Osaka is located in the Kansai (関西, western border) region of Japan, more specifically the urban area known as Kinki (近畿), which means roughly “around the capital,” and refers collectively to Osaka, Kobe and Kyoto (the old capital, before Tokyo). It is an ancient historical name with great cultural significance to the Japanese.
Well, that’s all very well and good, but you know how it sounds to an English speaker’s ears. The first sight of a branch of the Kinki Bank (“My bank, my Kinki”) never fails to break up the gaijin newcomer to Osaka. Likewise, Kinki Nippon Tourist gets its share of snickers (“You’ve been a very naughty tourist and won’t see the Louvre until those boots are licked clean!”). Tired, no doubt, of all those phone calls from intrigued, middle-aged Germans, Kinki Nippon Tourist (a subsidiary of Kintetsu, the former – wait for it – Kinki Nippon Railways) recently decided to move with the times and jump on the acronym bandwagon. Universal Studios Japan is now USJ; Japan Airlines is JAL; Japan Travel Bureau (the biggest travel agency here) is JTB; the Bank of Tokyo-Mitsubishi UFJ is now (for reasons known but to God) MUFG. There’s a definite trend here.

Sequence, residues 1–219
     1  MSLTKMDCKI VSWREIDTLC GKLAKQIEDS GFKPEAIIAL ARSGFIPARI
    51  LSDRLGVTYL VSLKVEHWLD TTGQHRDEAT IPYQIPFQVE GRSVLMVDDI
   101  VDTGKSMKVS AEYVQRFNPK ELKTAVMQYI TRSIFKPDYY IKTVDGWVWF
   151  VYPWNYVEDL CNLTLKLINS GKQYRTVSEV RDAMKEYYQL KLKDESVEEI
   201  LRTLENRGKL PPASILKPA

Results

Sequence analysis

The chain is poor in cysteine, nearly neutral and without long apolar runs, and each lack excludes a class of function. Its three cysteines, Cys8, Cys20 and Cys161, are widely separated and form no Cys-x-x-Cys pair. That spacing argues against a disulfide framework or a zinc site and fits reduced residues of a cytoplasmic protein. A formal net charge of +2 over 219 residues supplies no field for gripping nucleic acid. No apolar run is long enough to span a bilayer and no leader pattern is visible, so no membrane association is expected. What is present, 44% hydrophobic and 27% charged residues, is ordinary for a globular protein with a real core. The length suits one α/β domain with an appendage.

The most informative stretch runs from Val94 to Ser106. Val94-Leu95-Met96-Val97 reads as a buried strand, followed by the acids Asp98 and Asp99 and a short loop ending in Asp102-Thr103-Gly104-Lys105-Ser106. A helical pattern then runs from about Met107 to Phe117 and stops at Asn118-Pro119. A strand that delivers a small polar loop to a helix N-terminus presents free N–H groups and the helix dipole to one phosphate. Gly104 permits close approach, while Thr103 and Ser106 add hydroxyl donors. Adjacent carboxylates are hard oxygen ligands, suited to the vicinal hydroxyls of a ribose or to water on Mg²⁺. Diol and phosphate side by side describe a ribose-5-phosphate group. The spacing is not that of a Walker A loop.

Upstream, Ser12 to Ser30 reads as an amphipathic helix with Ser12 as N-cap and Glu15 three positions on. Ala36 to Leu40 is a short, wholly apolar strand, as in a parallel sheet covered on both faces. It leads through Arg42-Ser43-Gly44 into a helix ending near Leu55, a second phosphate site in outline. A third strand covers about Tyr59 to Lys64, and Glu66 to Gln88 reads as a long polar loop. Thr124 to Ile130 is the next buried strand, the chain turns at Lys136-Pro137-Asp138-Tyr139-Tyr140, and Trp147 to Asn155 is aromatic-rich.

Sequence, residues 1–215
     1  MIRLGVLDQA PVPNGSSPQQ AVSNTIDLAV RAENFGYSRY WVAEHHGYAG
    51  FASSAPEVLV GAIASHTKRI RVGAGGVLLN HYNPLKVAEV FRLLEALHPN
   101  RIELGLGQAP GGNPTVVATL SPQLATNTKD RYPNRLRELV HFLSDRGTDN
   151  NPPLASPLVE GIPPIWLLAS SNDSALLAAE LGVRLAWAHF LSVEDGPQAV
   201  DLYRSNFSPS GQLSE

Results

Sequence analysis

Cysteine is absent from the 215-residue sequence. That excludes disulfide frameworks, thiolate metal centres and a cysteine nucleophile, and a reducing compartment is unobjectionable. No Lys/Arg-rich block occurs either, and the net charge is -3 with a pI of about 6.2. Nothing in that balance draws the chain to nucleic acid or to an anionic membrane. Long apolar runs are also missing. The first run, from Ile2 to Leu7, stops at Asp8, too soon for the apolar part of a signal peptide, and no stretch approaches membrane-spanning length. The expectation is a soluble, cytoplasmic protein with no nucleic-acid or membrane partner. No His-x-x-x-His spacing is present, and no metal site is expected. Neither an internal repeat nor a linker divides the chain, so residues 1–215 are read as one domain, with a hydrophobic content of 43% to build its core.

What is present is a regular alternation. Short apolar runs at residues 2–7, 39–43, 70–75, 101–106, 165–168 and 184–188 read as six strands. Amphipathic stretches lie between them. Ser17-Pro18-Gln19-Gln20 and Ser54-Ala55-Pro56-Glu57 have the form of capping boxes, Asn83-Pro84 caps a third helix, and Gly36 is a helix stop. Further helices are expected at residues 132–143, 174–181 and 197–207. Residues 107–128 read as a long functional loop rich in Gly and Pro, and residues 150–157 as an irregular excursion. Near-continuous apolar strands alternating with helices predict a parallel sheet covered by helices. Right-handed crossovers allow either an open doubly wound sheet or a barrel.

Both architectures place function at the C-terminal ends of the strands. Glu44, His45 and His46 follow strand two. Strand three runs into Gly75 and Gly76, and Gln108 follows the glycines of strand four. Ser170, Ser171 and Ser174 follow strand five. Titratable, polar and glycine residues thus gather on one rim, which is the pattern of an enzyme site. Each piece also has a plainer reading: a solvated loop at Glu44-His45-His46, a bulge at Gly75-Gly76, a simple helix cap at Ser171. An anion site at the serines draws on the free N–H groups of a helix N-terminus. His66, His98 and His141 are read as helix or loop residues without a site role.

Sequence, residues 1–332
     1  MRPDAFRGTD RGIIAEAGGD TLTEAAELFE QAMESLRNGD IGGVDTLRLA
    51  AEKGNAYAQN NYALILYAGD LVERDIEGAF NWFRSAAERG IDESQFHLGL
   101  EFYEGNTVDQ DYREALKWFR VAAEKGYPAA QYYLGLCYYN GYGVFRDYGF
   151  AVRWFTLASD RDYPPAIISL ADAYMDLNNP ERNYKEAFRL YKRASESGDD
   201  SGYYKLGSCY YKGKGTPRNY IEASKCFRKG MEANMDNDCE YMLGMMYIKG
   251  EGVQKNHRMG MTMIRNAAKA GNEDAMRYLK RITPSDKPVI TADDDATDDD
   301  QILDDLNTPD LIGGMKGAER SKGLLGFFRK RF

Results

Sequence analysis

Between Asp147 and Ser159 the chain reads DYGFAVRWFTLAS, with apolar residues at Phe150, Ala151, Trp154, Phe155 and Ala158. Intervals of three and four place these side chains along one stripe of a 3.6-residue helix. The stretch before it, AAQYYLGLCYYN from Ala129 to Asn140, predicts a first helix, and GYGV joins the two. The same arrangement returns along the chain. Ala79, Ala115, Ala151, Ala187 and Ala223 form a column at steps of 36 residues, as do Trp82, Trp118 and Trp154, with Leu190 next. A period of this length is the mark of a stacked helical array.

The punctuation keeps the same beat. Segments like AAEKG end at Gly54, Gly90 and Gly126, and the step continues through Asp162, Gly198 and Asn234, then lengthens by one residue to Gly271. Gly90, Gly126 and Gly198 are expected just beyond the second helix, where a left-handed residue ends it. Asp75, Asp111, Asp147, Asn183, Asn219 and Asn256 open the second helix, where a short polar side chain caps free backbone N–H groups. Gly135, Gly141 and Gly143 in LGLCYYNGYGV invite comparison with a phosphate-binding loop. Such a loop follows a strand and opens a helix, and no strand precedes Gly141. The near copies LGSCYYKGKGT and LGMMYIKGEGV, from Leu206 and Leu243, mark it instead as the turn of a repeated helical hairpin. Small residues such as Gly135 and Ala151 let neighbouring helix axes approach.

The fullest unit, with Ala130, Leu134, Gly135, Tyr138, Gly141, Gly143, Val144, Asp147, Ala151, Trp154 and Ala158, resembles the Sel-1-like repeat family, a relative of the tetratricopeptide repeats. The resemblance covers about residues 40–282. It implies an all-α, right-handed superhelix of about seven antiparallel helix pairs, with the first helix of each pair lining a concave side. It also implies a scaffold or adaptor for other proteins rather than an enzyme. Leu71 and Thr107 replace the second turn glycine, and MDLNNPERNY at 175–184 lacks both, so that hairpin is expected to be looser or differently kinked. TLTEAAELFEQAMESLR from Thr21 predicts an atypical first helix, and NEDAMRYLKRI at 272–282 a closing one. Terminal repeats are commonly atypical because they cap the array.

Again, all well and good. But how do the good folks at Kinki Nippon Tourist expect us to pronounce this?
Although I’ve been called worse, I’m scared to even walk in the door.